Steve and I both enjoyed the Villa Reale Semi-dried Cherry Tomatoes, and the mushroom risotto prepared by the chef.  We tasted four varieties of olive oils. All the products did not have the additives and extra salts/sugars Americans have been tasting in increasing amounts since our childhood.


For local food we tasted Borsellino Salami by La Quercia.  This company is located in Norwalk, Iowa.  They use traditional dry curing methods and pork from hogs  not raised in confinement.

We were impressed with the passion and knowledge shared by the staff at Broders’ as we traveled around each tasting table.  We met Molly Broder, the owner and chatted at the bar with one of her sons.

With our taste buds both refreshed by the pure flavors and intrigued by the possibilities, we left looking forward to returning to Broders’ again for a nice meal as well as attending the next Slow Food Minnesota event in January. 

Have you heard of the slow food movement?  If not a member and you believe in this mission, join as a way to celebrate Terra Madre Day on December 10th.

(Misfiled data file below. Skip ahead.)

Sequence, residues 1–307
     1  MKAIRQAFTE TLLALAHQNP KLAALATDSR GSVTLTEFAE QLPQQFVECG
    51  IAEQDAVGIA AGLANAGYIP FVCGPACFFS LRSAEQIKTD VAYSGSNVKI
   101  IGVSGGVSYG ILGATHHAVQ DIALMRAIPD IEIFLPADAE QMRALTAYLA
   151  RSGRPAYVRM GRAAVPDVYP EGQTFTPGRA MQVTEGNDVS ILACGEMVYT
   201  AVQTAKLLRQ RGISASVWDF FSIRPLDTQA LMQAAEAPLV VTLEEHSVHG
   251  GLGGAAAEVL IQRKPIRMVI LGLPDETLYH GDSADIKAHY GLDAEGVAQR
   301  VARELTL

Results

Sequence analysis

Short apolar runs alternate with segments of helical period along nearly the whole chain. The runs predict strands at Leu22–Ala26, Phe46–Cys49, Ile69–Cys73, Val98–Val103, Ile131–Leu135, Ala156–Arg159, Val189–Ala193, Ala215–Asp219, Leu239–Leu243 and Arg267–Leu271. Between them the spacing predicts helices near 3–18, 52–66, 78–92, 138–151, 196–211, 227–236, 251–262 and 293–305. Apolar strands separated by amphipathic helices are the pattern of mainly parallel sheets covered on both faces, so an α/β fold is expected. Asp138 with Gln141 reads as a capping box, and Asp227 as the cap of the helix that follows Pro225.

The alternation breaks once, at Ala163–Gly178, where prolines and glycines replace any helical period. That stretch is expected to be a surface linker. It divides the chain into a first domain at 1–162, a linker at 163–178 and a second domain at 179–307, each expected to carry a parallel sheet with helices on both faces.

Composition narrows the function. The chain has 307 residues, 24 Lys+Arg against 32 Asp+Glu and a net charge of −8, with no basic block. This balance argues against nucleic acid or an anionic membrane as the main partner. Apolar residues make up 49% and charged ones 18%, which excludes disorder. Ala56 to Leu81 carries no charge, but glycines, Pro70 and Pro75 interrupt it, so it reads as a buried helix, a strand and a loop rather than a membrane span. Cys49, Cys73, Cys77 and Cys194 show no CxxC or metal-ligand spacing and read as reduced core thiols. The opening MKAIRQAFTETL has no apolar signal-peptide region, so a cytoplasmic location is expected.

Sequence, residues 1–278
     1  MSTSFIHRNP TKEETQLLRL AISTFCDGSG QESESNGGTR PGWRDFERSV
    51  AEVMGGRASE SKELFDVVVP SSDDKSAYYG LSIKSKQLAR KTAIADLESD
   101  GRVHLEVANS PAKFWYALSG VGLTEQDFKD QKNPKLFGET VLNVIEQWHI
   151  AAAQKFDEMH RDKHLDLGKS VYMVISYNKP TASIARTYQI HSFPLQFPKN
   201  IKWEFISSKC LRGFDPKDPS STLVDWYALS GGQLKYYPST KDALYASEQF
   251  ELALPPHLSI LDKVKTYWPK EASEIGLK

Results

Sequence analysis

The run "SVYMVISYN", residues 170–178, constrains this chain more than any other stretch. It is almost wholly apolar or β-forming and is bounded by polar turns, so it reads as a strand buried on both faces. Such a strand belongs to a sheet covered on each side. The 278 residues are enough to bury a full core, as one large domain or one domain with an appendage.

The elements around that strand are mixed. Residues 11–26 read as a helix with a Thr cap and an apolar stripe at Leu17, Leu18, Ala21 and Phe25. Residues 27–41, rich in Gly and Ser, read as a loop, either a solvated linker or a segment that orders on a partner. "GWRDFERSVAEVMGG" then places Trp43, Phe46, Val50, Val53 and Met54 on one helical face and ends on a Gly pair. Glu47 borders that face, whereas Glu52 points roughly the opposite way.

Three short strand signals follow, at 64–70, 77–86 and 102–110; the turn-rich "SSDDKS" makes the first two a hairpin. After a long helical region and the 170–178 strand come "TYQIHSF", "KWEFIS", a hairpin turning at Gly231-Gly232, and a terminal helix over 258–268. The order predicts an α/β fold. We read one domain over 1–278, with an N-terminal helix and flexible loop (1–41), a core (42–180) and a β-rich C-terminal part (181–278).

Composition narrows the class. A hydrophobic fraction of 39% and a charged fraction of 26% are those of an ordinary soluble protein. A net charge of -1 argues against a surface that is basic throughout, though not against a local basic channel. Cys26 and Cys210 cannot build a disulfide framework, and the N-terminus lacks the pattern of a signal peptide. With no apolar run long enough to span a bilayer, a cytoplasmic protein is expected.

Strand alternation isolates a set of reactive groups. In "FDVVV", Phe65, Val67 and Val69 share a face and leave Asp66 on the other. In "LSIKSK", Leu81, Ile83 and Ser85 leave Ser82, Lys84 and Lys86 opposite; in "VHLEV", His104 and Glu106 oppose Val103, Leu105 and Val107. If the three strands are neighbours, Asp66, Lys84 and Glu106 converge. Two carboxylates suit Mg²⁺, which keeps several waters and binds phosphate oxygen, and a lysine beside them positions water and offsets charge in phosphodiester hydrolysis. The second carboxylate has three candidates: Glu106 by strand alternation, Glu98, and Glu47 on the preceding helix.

Southern SAWG Conference 2012: Little Rock, Arkansas

21 Feb
by Deanne

 When Steve and I worked for corporations, we often attended conferences, each in our own professional areas: me in training and development and Steve in production agriculture or beef production. I like conferences because I enjoy networking with others in my field. Steve didn’t really like them because he would have rather been at home with me and the kids(…what a nice guy.)

Now that we have a new profession and we’re working together, we decided to make the first week of our winter vacation a learning vacation by driving to Little Rock, Arkansas to attend a sustainable farming conference. We had hoped to attend a pre-conference session by a somewhat famous urban farmer from Milwaukee, Wisconsin: Will Allen. Unfortunately his hands-on session was sold out.

A photo of me helping in a school gardenInstead of putting our hands in the soil and learning about worms, we went on a tour of two community/school gardens near Little Rock. We put our backs into it and learned how to make a French Intensive row for planting at a school that is part of the Delta Garden Study with FoodCorps and the Arkansas Children’s Hospital.